Bonsai and other small trees.

If you are a regular reader you will know that we love trees and have many growing on our land.

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We let most of them grow as big as they want to but for many years we have also been fond of keeping some of them small, growing them either as Bonsai in a shallow tray or in a confined space of soil. We trim them to shape and enjoy gradually exposing their roots and growing them over rocks.

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Bonsai, literally meaning ‘tree in a pot’ is an old Chinese tradition adopted by the Japanese of growing trees in shallow trays and pots. Some specimens can grow to be hundreds of years old.

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One of our oldest small trees is this Hawthorn grown on a large stone in the garden which has a natural planting area on top. It is about 40 years old now. We let moss grow all around it to keep the roots moist and protected.

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Covered in snow in February.

We feed all our small trees with special Bonsai food because contrary to some popular belief you should not starve these trees of nutrient. If they are well cared for and pruned regularly they will reward you with glossy leaves, flowers and sometimes fruit.

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Outside the back of our house and conservatory we are lucky to have a relatively sheltered area that is perfect for growing slightly more tender trees like the Japanese Acers. We grow many different varieties with leaves ranging from green through yellow and orange to red. In the Autumn they all change colour and for a few weeks the area is like a firework display.

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We did write about a couple of our indoor bonsai a few years back in this post. You can see photos of this particular tree back then and how it compares to now. We were surprised to see how much it has actually changed in the course of three years. It can be very meditative to prune your trees and look at them from different angles. Traditionally a Bonsai has an angle it is supposed to be viewed from but it is nice to make it look good all around.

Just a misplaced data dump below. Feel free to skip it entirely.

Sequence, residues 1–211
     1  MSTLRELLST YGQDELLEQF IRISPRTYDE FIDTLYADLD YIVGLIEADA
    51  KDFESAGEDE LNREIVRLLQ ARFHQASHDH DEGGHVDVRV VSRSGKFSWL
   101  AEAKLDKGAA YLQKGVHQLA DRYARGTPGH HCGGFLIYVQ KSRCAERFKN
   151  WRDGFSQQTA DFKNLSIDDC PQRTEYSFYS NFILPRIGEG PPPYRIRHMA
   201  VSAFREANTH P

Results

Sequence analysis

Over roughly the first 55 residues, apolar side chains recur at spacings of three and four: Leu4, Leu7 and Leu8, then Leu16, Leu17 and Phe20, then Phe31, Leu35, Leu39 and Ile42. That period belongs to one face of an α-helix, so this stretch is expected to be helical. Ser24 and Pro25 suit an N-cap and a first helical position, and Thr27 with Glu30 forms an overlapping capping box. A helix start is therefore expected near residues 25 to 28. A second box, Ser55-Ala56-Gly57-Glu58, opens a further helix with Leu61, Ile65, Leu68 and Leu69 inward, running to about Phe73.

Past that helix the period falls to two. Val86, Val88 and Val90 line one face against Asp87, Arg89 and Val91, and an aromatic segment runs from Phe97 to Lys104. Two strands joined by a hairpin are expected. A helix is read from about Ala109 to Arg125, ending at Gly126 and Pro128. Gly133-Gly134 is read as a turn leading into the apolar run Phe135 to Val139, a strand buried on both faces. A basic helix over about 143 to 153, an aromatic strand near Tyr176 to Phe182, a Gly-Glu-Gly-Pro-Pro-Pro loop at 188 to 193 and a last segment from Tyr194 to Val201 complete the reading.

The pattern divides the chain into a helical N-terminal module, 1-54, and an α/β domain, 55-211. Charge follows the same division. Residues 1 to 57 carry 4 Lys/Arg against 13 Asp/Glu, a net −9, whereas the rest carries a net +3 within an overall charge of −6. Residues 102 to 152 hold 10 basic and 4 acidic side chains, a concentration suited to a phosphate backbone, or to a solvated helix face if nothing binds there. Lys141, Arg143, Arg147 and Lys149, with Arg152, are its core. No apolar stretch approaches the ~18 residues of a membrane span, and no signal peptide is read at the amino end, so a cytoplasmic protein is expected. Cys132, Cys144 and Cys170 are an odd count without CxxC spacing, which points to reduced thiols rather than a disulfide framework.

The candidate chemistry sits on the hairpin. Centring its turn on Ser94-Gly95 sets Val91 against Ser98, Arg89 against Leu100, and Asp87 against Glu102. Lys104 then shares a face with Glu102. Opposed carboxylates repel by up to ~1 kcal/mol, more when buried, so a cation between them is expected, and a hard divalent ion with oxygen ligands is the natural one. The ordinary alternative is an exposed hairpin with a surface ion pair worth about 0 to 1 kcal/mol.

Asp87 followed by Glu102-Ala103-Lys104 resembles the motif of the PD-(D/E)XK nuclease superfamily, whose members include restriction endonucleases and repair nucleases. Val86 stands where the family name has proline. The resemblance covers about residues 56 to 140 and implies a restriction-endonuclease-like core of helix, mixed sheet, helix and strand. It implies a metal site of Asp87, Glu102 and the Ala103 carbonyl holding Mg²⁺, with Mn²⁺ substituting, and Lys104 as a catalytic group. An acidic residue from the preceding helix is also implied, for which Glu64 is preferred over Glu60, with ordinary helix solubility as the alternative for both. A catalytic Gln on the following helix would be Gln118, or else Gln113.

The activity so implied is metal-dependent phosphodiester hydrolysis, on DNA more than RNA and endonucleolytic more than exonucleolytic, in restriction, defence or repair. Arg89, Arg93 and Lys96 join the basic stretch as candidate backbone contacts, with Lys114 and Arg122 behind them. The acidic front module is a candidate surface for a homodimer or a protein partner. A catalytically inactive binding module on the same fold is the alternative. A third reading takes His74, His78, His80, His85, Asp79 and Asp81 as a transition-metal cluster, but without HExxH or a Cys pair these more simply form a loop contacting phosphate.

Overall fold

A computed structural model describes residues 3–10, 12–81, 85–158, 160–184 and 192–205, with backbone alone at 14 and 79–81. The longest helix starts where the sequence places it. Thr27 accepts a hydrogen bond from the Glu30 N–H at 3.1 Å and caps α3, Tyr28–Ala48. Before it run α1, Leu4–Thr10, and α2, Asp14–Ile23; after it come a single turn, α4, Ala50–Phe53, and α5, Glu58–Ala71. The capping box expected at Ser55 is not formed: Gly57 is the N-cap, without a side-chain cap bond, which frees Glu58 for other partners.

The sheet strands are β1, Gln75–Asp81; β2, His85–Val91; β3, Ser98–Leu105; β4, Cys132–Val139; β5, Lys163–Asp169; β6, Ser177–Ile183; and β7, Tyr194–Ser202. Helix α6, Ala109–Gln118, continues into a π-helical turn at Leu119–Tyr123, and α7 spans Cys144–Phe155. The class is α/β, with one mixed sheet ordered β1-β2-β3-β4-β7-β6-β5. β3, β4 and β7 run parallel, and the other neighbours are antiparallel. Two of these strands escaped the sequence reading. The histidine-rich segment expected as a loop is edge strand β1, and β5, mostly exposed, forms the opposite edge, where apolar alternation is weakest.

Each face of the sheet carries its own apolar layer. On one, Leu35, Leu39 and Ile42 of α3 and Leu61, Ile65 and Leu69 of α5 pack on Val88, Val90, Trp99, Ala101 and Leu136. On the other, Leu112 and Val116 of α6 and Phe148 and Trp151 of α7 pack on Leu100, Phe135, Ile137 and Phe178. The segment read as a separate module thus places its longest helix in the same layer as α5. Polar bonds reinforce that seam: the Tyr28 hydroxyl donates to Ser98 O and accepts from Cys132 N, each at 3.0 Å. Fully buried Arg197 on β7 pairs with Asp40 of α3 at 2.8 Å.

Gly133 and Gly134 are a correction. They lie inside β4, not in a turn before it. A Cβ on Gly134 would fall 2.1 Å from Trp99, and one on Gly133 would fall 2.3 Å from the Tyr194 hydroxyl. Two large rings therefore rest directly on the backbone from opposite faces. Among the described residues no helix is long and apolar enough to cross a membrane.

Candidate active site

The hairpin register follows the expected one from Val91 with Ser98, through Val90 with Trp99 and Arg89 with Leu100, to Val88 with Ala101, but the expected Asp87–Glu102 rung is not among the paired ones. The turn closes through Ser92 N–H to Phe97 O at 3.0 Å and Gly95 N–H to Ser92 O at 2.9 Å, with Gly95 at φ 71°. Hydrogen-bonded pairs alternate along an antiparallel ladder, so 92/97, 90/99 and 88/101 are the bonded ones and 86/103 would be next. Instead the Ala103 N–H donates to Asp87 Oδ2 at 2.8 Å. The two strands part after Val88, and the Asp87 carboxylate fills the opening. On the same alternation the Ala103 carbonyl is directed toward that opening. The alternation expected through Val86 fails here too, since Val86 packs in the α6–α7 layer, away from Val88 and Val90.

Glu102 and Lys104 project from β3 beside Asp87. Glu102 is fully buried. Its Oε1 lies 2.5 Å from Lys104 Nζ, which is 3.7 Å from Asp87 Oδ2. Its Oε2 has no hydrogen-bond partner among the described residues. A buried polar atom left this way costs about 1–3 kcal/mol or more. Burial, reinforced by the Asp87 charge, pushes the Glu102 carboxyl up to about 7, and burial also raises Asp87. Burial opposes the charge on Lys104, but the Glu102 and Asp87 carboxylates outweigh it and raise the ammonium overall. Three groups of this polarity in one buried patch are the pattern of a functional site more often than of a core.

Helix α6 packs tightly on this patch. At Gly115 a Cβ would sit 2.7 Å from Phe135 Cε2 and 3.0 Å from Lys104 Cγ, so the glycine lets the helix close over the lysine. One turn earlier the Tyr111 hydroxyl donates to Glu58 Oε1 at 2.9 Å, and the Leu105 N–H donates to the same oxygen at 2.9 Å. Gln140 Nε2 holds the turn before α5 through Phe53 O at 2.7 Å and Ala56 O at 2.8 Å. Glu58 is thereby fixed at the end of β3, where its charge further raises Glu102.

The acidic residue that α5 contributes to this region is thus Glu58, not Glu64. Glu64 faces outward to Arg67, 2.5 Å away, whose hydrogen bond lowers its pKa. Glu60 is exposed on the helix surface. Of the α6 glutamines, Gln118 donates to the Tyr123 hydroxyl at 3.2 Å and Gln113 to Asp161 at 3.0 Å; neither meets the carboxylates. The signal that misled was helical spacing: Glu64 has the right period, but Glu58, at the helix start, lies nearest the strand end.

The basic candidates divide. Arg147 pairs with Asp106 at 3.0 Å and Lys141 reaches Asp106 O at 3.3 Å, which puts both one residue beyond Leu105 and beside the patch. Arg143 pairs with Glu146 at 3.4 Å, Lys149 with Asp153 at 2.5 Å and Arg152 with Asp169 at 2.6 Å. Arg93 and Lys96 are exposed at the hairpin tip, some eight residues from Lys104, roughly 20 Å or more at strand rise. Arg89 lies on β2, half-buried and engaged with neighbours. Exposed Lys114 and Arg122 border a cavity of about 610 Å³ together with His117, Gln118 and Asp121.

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We pruned the tree above six years ago and stuck all the long thin shoots in a pot. Three of them took root and we platted them together to create a trunk for a new tree. Since then the platted trunk has completely fused together as one. All that remains is a lovely pattern. Again, we have chosen to grow it over a stone to expose the roots. It still needs to grow a more defined crown to get a nice proportion.

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This is another Hawthorn growing out of a stone with two holes. It is about 35 years old.

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If you would like to try your hands at growing small trees there are numerous books on the subject. It is a very rewarding experience that teaches patience and appreciation of natural beauty. There is no limit to how much you can learn and along the way you will be amazed at the slow transformation of each specimen. We think that is something to celebrate in our time of instant technological gratification.

 

 

 

 

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8 thoughts on “Bonsai and other small trees.

  • My Pa happens to be a bonsai master in the Pacific Northwest. ‘Tomeo’ is pronounced sort of like ‘Tomayo’, so some people who have heard of him are surprised to find when they meet him that his is not of Japanese descent.

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  • Maria May: I enjoyed this post. I am embarking (haha) on a bonsai experiment with a few tiny red maples and some red cedars. These are 12″ high outdoor plants. Do they need a deeper pot to survive the winter, or do they get a shallow pot? I see yours were covered in snow. Is that a common occurrence in your neck of the woods, and does it frequently get well below freezing? Many thanks for the pictures!

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    • The main thing to be careful about is the roots getting frost as this can kill the tree. You can put the trees in bigger pots, bury the pots in soil if you don’t get too much permafrost or place the in a green house or under a sheet of glass in a box or small shed. Just don’t forget them in the spring! But really anywhere the roots won’t freeze. I always keep my bosai in larger pots than ‘recomended’ as this saves on watering two or three times a day in hot weather. Hope this is of some help good luck.

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